Most people assume shrimp to be down near the bottom of the marine food chain, but scientists in the UK have discovered an invasive species of predatory shrimp that isn’t afraid to pick a fight with bigger creatures.
According to the British Environment Agency, the shrimp known as Dikerogammarus villosus, has been known to kill its prey and then leave it uneaten.
First spotted by fishermen at the Grafham Water reservoir in Cambridgeshire, the alien species was immediately sent to the Environment Agency for identification.
Invasive species can be plants, animals, and other organisms (e.g., microbes), according to the The National Invasive Species Information Center. In most cases, human actions are the primary means of invasive species introductions, as evidenced by the Asian Carp now invading the Great Lakes region.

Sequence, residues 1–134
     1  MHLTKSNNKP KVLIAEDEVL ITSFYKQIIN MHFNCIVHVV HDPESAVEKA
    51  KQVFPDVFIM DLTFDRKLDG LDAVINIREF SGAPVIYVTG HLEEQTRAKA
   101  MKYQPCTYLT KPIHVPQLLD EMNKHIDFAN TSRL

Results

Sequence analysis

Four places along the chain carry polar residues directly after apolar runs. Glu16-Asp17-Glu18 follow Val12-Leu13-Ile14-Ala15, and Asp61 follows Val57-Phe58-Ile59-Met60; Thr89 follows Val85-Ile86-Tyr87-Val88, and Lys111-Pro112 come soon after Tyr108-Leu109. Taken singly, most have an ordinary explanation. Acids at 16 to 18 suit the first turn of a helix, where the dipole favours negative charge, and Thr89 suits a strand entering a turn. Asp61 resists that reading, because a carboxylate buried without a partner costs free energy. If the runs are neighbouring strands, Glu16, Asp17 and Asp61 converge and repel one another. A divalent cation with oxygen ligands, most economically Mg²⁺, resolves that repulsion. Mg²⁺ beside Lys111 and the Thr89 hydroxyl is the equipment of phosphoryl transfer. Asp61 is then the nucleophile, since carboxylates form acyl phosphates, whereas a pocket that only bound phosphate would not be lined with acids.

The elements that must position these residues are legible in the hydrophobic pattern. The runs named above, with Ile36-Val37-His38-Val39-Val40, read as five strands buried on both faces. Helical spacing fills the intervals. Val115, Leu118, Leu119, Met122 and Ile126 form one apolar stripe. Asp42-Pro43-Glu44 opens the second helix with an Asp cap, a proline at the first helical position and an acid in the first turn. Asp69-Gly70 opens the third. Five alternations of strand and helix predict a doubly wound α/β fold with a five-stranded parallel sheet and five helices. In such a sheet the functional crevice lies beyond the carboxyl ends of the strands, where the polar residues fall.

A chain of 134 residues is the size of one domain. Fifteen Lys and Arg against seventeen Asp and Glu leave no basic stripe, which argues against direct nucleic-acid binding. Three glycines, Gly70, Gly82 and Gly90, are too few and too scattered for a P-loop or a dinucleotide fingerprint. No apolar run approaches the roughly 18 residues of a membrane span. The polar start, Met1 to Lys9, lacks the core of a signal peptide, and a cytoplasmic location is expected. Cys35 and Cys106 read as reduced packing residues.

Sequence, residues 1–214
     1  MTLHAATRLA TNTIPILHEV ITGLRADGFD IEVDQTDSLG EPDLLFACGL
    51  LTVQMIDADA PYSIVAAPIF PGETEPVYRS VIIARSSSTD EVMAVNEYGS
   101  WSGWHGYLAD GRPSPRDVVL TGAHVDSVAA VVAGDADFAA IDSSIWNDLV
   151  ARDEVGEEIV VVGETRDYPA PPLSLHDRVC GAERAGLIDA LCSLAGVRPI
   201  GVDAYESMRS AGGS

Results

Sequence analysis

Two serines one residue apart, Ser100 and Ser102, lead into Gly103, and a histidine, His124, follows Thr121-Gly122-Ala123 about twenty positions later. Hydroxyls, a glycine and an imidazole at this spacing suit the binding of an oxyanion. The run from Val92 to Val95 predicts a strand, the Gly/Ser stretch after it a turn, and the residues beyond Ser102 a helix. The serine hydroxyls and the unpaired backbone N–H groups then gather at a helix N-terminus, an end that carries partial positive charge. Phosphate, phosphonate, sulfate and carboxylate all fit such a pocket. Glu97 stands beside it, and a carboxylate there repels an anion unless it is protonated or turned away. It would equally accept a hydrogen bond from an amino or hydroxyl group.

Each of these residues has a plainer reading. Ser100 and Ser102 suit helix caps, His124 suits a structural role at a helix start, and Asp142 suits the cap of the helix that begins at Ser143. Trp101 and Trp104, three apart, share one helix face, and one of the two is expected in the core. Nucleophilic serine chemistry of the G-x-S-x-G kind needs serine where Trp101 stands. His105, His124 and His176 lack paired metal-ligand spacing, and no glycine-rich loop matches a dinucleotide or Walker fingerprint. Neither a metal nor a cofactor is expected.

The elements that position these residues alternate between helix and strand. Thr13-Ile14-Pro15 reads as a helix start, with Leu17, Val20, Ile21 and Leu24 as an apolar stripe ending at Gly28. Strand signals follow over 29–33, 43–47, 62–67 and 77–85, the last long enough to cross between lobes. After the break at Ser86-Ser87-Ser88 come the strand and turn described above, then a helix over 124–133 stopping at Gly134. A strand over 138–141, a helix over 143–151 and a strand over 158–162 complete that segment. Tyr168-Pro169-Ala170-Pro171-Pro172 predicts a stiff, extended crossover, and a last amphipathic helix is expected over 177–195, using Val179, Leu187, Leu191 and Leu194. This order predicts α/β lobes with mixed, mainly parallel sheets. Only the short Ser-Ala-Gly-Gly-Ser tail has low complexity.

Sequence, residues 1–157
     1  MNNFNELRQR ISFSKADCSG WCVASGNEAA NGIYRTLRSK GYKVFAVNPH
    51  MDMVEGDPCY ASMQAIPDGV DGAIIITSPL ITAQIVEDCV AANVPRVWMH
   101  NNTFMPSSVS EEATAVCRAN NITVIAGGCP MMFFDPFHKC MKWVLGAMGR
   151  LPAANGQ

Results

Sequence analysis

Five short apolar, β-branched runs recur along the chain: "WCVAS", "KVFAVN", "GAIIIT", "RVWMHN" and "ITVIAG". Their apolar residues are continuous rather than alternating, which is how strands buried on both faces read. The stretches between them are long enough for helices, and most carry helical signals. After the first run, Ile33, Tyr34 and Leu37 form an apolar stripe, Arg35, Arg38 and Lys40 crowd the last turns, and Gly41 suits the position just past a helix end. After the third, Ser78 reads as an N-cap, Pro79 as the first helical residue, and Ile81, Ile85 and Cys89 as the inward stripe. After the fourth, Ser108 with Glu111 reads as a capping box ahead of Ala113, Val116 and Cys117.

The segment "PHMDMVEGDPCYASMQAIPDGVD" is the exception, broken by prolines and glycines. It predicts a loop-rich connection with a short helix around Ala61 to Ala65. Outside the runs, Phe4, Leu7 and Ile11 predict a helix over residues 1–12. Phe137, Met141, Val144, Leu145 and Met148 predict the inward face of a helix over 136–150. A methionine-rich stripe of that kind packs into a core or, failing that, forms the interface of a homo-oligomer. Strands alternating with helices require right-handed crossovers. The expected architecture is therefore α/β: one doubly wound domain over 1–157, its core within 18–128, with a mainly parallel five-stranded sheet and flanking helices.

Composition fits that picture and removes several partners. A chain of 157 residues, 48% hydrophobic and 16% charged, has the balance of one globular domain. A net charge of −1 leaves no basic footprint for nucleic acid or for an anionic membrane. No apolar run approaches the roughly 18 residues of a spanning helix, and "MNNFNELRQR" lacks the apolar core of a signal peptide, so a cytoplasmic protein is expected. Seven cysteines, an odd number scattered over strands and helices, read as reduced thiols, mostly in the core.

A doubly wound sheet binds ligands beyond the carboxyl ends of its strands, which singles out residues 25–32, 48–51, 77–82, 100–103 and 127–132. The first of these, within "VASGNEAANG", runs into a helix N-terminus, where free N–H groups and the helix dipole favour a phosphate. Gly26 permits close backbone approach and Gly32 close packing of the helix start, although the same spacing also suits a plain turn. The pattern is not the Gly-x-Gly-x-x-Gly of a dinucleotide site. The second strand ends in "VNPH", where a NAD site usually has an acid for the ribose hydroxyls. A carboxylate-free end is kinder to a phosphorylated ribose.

One of the most troubling facts is that the shrimp seems to enjoy preying on a range of local species, such as freshwater invertebrates like native shrimp, and even young fish.
This freshwater bully can grow up to 30mm long, making it much larger than native freshwater shrimp (BBC News).
The predatory shrimp originated in the steppe region between the Black Sea and the Caspian Sea, and scientists believe it invaded Western Europe via the Danube.
Image Credit: Hydra Institute
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